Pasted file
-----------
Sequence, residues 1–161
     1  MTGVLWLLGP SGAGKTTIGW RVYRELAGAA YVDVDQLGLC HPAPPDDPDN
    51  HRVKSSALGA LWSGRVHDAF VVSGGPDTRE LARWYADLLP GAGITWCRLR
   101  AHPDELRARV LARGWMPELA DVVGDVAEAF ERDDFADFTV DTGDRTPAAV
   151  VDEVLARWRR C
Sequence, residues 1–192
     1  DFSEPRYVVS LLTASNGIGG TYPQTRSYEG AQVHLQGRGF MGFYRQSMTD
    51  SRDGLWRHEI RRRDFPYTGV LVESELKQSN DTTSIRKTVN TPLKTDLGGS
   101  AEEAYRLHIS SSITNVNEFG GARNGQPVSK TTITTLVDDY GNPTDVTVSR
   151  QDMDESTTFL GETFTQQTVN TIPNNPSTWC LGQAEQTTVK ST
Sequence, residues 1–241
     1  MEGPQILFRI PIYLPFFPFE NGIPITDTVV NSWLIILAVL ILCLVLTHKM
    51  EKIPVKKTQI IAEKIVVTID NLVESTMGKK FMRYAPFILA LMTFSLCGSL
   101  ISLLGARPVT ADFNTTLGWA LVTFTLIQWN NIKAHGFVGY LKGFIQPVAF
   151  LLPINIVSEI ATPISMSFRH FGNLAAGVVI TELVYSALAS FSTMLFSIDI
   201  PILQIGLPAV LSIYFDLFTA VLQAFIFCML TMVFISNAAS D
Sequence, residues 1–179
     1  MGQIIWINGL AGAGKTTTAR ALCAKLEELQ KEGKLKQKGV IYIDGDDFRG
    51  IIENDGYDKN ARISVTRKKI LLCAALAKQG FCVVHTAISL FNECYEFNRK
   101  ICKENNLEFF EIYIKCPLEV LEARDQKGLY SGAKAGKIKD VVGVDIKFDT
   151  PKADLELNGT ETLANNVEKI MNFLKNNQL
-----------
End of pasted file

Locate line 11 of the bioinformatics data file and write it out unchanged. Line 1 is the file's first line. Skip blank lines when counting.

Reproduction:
Sequence, residues 1–241